Mexico’s President AMLO Says He Doesn’t Support A Bill Ending The Separation Of Church & State
President Andrés Manuel López Obrador, known fondly as AMLO, has opposed a bill that would soften Mexico’s separation of church and state. The draft bill was proposed by a member of his left-wing Morena party. The legal separation of church and state has become all the more essential to maintaining democracy and protecting non-Christians (particularly indigenous people and Muslims) who have become increasing targets of right-wing extremist governments in the Americas, Europe, and Asia.
According to the Associated Press, the new law would change the Law of Religious Associations and Public Worship to remove language that legally separates the state and churches. Experts have already weighed in claiming the law would benefit mostly evangelicals.
AMLO thinks this issue was resolved 50 years ago.
“I think it’s a subject that shouldn’t be touched,” Lopez Obrador said at a news conference at the National Palace in Mexico City. “It’s been resolved for more than a century and a half. The majority of Mexicans are in agreement with the lay state prevailing, what the constitution establishes.”
The controversial measure submitted by Senator Soledad Luévano Cantú would have allowed religious groups more access to “all manner of media, including TV, radio and newspapers,” and soften church property ownership regulations. It would allow the church and state to partner for social projects, allow chaplains to work on military bases and security forces, along with providing protections for conscientious objectors.
AMLO says the separation is not an indicator of anti-religiousness but rather the law exists to provide protections for believers and non-believers.
“‘Render unto God what is God’s and unto Caesar what is Caesar’s’” López Obrador said
Many religious leaders in Mexico agree with AMLO.
The most senior Catholic leader of the country agrees with AMLO. Mexico has had a contentious relationship with the Catholic church, which had powerful overreach, leading to a civil war known as the “Cristiada.” However, in 1992 tensions eased following a meeting with the Vatican that resulted in looser restrictions for religious organizations.
“I completely agree with the president’s statement this morning, that a secular state is one that guarantees freedoms and therefore religious freedom. The president said it very clearly and we agree,” said Carlos Aguiar Retes, primate archbishop of Mexico.
The president of the National Brotherhood of Evangelical Christian Churches, Arturo Farela, also spoke out in support of AMLO, however, he doesn’t believe the bill would have ended the separation of church and state altogether.
“When he [López Obrador] asserts that the lay state is immovable and the separation of church and state must remain, we agree with that thought. The lay state must be a guarantor of freedoms including religious beliefs. The bill proposes that . . .” Farela said. “It doesn’t seek to end the separation [of church and state], it only proposes religious freedom,”
Luévano’s plans would help evangelicals seize more power.
“With respect, tolerance and without taboos, we can work together so that thousands of religious associations in our country can help Mexico become a country where we all live better-off,” Luévano wrote on Twitter.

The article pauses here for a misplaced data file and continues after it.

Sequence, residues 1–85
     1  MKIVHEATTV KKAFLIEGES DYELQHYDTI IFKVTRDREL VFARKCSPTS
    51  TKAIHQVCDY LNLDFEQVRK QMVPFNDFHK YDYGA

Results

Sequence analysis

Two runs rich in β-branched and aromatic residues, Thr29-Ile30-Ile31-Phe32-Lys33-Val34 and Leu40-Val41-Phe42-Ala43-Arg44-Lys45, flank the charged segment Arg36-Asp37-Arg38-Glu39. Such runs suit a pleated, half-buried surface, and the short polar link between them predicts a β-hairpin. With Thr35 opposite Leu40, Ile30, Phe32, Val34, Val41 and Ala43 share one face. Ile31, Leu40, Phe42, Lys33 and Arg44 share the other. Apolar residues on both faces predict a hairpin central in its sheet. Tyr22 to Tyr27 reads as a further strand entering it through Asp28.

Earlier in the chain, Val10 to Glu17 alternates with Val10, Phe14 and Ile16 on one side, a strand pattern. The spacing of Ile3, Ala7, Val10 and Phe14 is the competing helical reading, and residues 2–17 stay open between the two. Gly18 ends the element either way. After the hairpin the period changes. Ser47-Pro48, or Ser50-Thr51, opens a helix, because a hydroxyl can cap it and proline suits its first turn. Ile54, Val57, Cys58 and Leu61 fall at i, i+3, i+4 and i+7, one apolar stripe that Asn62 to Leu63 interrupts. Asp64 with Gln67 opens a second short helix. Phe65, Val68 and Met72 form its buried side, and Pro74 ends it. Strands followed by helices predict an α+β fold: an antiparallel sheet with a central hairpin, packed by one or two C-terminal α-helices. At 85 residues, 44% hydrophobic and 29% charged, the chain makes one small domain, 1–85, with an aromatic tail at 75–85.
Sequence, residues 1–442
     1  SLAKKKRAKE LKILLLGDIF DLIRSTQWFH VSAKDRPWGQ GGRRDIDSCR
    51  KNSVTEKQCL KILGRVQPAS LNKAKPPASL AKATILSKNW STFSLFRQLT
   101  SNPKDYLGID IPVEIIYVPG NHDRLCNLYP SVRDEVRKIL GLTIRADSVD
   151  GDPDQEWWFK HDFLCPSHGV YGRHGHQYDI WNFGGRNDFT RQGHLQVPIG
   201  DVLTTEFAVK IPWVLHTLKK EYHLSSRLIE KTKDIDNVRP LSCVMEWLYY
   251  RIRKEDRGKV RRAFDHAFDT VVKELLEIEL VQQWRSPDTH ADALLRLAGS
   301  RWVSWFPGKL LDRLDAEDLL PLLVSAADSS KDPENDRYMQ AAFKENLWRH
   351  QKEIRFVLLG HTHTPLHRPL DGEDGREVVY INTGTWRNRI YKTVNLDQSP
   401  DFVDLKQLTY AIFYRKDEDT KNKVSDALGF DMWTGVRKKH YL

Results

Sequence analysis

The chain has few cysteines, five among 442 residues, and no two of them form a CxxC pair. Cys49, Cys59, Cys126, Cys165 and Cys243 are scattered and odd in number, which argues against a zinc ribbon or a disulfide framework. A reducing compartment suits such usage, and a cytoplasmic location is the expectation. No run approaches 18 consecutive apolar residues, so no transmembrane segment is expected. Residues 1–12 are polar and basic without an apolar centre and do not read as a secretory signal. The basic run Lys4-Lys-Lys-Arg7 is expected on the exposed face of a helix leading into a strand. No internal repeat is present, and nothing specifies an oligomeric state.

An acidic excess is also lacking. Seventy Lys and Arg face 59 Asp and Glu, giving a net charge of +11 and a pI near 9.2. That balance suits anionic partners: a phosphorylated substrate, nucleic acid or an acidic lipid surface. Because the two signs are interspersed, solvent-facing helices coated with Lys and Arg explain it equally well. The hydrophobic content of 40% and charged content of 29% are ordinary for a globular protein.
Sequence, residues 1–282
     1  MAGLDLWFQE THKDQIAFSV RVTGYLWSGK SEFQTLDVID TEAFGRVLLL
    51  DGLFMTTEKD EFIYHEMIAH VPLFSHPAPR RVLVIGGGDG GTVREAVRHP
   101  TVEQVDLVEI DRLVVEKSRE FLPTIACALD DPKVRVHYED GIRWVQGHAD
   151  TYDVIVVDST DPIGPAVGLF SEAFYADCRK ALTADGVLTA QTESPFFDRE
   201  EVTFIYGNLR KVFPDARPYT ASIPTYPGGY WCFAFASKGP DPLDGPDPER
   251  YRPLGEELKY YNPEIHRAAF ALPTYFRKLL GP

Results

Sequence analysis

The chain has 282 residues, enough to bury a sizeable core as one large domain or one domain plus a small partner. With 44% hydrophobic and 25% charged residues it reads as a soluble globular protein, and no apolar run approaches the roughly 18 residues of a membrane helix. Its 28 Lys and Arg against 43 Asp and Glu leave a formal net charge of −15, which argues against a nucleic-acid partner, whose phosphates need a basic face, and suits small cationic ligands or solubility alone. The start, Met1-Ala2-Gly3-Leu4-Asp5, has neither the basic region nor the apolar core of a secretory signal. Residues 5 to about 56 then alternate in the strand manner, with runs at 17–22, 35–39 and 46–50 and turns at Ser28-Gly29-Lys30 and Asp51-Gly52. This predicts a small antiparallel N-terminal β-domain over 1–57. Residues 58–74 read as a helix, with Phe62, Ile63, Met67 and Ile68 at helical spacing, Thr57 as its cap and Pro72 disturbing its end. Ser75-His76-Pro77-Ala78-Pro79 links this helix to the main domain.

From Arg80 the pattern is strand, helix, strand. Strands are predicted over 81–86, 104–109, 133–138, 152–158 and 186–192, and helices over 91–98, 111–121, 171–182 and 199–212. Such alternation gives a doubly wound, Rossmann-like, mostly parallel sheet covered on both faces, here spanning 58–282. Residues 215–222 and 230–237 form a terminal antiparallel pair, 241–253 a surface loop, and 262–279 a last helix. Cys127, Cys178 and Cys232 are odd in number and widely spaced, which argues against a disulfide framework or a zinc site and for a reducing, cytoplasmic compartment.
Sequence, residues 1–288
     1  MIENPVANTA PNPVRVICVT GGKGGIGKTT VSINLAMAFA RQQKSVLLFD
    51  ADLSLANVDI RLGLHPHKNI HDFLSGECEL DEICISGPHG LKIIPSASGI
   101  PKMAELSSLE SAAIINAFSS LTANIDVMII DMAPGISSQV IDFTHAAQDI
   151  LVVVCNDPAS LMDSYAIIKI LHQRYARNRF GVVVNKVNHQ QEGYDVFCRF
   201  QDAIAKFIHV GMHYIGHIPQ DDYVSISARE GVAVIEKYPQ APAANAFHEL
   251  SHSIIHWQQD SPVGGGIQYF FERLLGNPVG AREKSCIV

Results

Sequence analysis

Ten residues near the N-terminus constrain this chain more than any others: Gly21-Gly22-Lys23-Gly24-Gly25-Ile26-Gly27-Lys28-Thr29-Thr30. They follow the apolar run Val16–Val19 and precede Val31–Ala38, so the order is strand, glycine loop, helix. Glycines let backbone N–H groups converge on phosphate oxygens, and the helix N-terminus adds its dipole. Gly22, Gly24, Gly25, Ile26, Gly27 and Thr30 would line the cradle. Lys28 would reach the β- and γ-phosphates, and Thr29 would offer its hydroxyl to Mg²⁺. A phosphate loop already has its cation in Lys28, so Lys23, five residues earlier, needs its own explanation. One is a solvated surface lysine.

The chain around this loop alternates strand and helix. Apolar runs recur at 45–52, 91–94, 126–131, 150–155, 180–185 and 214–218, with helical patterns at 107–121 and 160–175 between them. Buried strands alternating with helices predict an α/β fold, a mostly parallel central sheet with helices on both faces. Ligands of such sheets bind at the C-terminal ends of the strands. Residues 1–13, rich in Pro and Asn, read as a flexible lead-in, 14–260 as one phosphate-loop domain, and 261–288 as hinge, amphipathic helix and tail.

The Senator describes her religious as “Guadalupana.” The Virgin of Guadalupe is a symbol of the Roman Catholic church, but also a saint that many Mexicans identify with regardless of their religious affiliations.
“Andrew Chesnut, professor of religious studies at Virginia Commonwealth University, said Luévano’s initiative would appear to benefit mostly evangelicals and other minority religious groups in a country where 81% are Roman Catholic and the church enjoys more influence than probably anywhere else in the hemisphere,” according to the Associated Press. “Chesnut said evangelicals likely see an opportunity to win more space in Mexican society under the administration of a ‘fellow traveler.’”
While evangelicalism has been on the rise in Mexico for a least a decade, U.S. Evangelical Christians began targeting Latin American countries in 2014 — after the United States federal government began to pursue the legalization of same-sex marriage.
“If I were to speculate, the Religious Right in the U.S. sees the writing on the wall regarding gay marriage, and are going to try to influence global movements in Latin American and Africa – two places that still have very strong anti-gay secular and religious sentiments,” said Arlene Sanchez-Walsh, a Latino church expert told Reuters in 2014.
Right-wing evangelical leaders have since taken over Brazil, Argentina, Bolivia, and Chile while infiltrating other countries like Mexico and the Dominican Republic. While the intentions of the bill may have been innocent (although are religious bills in politics ever innocent?) it could pose a great threat to Mexico’s future. Fortunately, it has no chance of being approved with AMLO’s opposition to it.
However, based on the rise in right-wing leaders around the globe, one should keep a close eye on what’s happening in Mexico.
“The lay state in Mexico almost has a kind of sacred status,” Chestnut said.